On December 23, 2014, the United States Court of Appeals for the Second Circuit issued an opinion on an issue of first impression, namely the scope of § 304(a)(2) of the Trust Indenture Act of 1939, 15 U.S.C. §§ 77aaa-77aaaa (the “TIA”), and its application to certificates issued by trusts under pooling and servicing agreements (“PSAs”). See Ret. Bd. of Policemen’s Annuity & Benefit Fund v. Bank of N.Y. Mellon, Nos. 13-1776-cv, 13-1777-cv (2d Cir. Dec. 23, 2014).
The United States District Court for the Southern District of New York (Judge William H. Pauley, III) previously granted in part and denied in part Bank of New York Mellon’s motion to dismiss claims relating to the purchase of certificates from certain residential mortgage-backed securities (“RMBS”) trusts. See Ret. Bd. of Policemen’s Annuity & Benefit Fund v. Bank of N.Y. Mellon, 914 F. Supp. 2d 422 (S.D.N.Y. 2012). The district court held that the TIA applied to RMBS trusts governed by PSAs. The district court also held that the plaintiffs lacked “class standing,” or standing to assert claims related to RMBS trusts in which they did not invest, since such claims do not raise “the same set of concerns” as the plaintiffs’ own claims. Plaintiffs appealed the district court’s ruling on class standing and defendant Bank of New York Mellon (BNYM) appealed the district court’s holding on the application of the TIA.
Noting that RMBS trusts have “become a familiar subject of litigation” in the Second Circuit, the Second Circuit affirmed the district court’s denial of class standing. The Court of Appeals held that the plaintiffs lack standing to assert claims against BNYM, the RMBS trustee, related to trusts in which the plaintiffs did not invest because such claims do not “implicate the same set of concerns” as the named plaintiffs’ own claims. The Court of Appeals focused on the fact that the specific terms and parties in each RMBS trust were not identical and would need to be reviewed in each and every case thus making class standing inappropriate.
With regard to the application of the TIA to trusts governed by PSAs, the Second Circuit noted that this issue has generated conflicting decisions from district courts in the Southern District of New York. The Court then explained that the TIA applies only to certain kinds of instruments, namely “only instruments that do not fall within at least one” of the TIA’s exemptions. In addressing the exemptions, the Second Circuit held that the certificates were exempt because they were “‘certificate[s] of interest or participation in two or more securities having substantially different rights and privileges,’ namely, the numerous mortgage loans held by each trust.”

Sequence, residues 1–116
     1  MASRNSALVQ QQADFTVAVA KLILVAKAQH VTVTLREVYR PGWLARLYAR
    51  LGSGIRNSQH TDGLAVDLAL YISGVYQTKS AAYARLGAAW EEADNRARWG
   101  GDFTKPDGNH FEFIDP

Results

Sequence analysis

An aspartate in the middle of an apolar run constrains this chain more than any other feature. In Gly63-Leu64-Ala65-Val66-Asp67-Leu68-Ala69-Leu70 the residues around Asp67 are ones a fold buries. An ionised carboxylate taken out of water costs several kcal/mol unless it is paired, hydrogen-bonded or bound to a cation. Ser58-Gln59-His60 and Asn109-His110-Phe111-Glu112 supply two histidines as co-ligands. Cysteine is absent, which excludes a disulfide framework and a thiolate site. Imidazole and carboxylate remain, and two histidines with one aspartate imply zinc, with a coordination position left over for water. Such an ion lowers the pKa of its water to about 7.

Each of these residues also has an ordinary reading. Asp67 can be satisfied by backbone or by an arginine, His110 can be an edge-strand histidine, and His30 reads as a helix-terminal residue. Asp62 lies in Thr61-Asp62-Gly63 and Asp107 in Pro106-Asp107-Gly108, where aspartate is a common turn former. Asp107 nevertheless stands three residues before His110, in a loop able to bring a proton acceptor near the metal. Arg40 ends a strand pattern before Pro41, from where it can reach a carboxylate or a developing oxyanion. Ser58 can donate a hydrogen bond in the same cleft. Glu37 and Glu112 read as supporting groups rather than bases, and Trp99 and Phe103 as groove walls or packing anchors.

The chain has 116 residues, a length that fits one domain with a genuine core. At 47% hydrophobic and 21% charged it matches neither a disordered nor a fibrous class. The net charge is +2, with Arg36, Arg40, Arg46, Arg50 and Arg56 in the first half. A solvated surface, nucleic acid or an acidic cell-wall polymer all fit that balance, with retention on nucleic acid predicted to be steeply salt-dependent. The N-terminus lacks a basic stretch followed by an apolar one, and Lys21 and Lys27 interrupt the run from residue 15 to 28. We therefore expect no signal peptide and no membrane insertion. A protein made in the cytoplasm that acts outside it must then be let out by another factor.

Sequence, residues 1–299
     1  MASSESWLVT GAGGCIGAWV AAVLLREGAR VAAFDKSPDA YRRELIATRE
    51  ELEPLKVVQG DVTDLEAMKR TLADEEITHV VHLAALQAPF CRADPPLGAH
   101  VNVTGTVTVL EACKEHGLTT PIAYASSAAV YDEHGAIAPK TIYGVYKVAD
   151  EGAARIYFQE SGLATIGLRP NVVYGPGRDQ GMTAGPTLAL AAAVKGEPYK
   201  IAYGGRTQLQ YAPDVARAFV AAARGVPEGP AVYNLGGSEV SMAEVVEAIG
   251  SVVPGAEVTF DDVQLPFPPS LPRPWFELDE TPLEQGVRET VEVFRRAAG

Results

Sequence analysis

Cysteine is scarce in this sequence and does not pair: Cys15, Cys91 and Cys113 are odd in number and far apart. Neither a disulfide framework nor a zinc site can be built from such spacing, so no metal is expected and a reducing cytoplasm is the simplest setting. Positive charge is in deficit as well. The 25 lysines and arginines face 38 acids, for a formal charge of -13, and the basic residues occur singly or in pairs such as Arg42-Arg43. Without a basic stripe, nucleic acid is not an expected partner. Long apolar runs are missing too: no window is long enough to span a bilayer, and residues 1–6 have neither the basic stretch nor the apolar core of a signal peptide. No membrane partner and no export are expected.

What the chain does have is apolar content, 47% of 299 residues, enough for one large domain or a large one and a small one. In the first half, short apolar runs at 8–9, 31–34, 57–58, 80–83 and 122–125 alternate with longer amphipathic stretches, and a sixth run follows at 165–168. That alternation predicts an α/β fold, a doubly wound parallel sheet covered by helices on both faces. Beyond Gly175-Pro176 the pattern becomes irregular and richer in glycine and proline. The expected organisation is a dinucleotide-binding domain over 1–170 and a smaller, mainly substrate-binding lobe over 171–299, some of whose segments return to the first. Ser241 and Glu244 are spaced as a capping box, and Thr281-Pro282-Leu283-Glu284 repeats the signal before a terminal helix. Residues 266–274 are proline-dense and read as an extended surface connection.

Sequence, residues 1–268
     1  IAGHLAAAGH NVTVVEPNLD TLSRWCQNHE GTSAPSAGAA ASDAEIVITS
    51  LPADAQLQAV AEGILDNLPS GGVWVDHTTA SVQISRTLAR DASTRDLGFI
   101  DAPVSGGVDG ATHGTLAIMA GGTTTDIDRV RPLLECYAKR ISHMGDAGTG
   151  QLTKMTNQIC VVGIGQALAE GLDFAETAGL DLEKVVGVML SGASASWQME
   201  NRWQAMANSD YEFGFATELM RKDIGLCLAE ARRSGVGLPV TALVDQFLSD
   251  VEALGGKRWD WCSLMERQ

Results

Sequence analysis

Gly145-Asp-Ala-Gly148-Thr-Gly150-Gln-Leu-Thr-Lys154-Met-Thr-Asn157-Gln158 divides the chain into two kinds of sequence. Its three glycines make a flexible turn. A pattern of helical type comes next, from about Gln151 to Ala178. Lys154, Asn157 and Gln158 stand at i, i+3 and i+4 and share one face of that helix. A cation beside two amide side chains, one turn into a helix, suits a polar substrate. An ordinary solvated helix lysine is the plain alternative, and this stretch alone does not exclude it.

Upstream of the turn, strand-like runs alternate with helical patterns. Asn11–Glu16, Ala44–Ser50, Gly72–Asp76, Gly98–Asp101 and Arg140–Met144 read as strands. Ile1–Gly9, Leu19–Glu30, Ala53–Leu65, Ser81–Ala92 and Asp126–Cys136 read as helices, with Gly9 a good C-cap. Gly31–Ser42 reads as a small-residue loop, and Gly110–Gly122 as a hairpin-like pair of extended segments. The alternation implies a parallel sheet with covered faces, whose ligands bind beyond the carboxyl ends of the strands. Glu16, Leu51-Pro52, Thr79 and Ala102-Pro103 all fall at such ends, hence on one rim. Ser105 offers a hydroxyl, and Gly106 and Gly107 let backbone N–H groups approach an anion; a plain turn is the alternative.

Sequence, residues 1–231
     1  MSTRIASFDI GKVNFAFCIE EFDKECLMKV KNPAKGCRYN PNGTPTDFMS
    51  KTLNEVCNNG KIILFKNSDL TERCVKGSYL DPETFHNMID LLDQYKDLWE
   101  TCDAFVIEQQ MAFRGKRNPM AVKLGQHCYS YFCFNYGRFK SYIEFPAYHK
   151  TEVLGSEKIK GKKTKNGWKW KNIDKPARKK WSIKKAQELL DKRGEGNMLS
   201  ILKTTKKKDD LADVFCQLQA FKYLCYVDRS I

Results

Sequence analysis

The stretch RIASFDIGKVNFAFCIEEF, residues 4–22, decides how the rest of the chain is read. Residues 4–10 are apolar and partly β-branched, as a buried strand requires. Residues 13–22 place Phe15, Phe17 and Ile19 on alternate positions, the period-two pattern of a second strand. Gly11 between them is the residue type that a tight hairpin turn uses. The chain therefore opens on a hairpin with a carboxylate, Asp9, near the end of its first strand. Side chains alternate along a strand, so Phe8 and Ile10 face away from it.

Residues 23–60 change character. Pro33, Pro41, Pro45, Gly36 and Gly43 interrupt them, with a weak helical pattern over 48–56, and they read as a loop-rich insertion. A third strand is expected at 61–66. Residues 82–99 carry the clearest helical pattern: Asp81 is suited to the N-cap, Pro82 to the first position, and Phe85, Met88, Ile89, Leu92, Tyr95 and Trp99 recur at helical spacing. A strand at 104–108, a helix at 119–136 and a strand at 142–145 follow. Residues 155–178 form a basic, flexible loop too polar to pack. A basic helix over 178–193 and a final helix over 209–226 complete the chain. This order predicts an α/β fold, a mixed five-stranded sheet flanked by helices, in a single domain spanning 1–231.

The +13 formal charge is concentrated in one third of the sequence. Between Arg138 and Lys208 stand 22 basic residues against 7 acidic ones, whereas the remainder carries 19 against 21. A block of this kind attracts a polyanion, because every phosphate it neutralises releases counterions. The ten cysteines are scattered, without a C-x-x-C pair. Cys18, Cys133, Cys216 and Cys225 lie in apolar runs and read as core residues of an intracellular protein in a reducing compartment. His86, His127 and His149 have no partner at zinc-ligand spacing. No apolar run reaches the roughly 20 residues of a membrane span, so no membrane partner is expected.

The Second Circuit found that the certificates issued by the RMBS trusts were “certificate[s] of interest or participation” because (a) they were certificates (as opposed to notes) and (b) payments to certificateholders were contingent on the cash flows from the underlying mortgages. The Second Circuit held that the certificateholders did not have to receive all of the cash flows in order to make the payments contingent and therefore qualify as a “certificate of interest or participation.” The issue of whether the certificates remained “certificates of interest or participation” was “arguably [a] more difficult question” for the Second Circuit because the payments on the underlying mortgages were not simply passed through to certificateholders. Ultimately, the Court held that the contingent nature of the payments together with the administrability concerns “would seem to necessitate rules for parceling out the returns from th[e] underlying securities.”
Next, the Second Circuit held that the certificates were for “two or more securities.” The Court rejected the plaintiffs’ arguments that the certificates were for a single security, namely, the corresponding tranche. The Second Circuit noted that a tranche is not a security, but rather a name to describe a group of certificates. Rejecting the plaintiffs’ arguments, the Second Circuit also held that the underlying mortgages qualify as securities under Section 304(a)(2) of the TIA.
The Court next held that mortgage loans have “substantially different rights and privileges” because the mortgages have different obligors, payment terms, maturity dates, interest rates, and collateral.” The Second Circuit noted that its decision was consistent with the SEC’s position that instruments such as the ones at issue were exempt under Section 304(a)(2).
The Second Circuit declined to decide whether the certificates at issue qualify as non-exempt “debt” or as an exempt “equity” security under § 304(a)(1) of the TIA, so that issue remains for another day.
Sheppard Mullin represents a party in Millennium Partners, L.P. et al. v. U.S. Bank National Association, et al., 12-cv-07581, which is pending in the Southern District of New York. That case involved substantially similar claims to those at issue in Retirement Board. Sheppard Mullin successfully obtained the dismissal of all of the claims, other than a claim based on the TIA. The parties agreed to stay that litigation pending the Second Circuit’s decision in Retirement Board.